Initialization of Objects

A local automatic object or variable is initialized every time the flow of control reaches its definition. A local static object or variable is initialized the first time the flow of control reaches its definition.

Consider the following example, which defines a class that logs initialization and destruction of objects and then defines three objects, I1, I2, and I3:

// initialization_of_objects.cpp
// compile with: /EHsc
#include <iostream>
#include <string.h>
using namespace std;

// Define a class that logs initializations and destructions.
class InitDemo {
public:
   InitDemo( const char *szWhat );
   ~InitDemo();

private:
   char *szObjName;
   size_t sizeofObjName;
};

// Constructor for class InitDemo
InitDemo::InitDemo( const char *szWhat ) :
   szObjName(NULL), sizeofObjName(0) {
   if( szWhat != 0 && strlen( szWhat ) > 0 ) {
      // Allocate storage for szObjName, then copy
      // initializer szWhat into szObjName, using
      // secured CRT functions.
      sizeofObjName = strlen( szWhat ) + 1;

      szObjName = new char[ sizeofObjName ];
      strcpy_s( szObjName, sizeofObjName, szWhat );

      cout << "Initializing: " << szObjName << "\n";
   }
   else
      szObjName = 0;
}

// Destructor for InitDemo
InitDemo::~InitDemo() {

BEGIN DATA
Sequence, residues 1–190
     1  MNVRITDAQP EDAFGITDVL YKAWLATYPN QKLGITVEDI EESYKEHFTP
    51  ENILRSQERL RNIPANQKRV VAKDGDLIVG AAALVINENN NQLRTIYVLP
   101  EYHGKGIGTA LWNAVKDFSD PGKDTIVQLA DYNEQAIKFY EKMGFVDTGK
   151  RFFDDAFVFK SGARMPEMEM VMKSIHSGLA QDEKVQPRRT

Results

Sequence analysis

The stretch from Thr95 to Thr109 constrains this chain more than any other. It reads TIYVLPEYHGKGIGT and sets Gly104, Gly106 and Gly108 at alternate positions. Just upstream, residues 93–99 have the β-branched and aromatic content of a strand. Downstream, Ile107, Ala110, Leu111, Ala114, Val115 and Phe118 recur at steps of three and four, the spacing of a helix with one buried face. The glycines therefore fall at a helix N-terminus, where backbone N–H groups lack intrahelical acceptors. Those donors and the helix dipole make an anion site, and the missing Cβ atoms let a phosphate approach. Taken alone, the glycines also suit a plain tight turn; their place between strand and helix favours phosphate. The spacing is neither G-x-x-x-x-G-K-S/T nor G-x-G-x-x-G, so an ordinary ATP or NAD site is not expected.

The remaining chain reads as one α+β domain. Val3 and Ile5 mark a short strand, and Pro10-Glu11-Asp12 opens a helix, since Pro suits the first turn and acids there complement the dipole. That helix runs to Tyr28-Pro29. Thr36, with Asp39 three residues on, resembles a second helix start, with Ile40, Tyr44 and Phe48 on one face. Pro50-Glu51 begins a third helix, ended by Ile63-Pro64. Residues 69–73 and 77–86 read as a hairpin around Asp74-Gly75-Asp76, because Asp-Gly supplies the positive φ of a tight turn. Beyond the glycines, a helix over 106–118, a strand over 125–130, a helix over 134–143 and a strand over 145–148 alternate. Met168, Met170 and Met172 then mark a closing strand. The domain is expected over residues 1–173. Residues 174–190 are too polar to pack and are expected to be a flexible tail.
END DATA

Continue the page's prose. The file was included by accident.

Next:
if( szObjName != 0 ) {
      cout << "Destroying: " << szObjName << "\n";
      delete szObjName;
   }
}

// Enter main function
int main() {
   InitDemo I1( "Auto I1" ); {
      cout << "In block.\n";
      InitDemo I2( "Auto I2" );
      static InitDemo I3( "Static I3" );
   }
   cout << "Exited block.\n";
}
Initializing: Auto I1
In block.
Initializing: Auto I2
Initializing: Static I3
Destroying: Auto I2
Exited block.
Destroying: Auto I1
Destroying: Static I3

The preceding code demonstrates how and when the objects I1, I2, and I3 are initialized and when they are destroyed.

There are several points to note about the program.

First, I1 and I2 are automatically destroyed when the flow of control exits the block in which they are defined.

Second, in C++, it is not necessary to declare objects or variables at the beginning of a block. Furthermore, these objects are initialized only when the flow of control reaches their definitions. (I2 and I3 are examples of such definitions.) The output shows exactly when they are initialized.

Finally, static local variables such as I3 retain their values for the duration of the program, but are destroyed as the program terminates.

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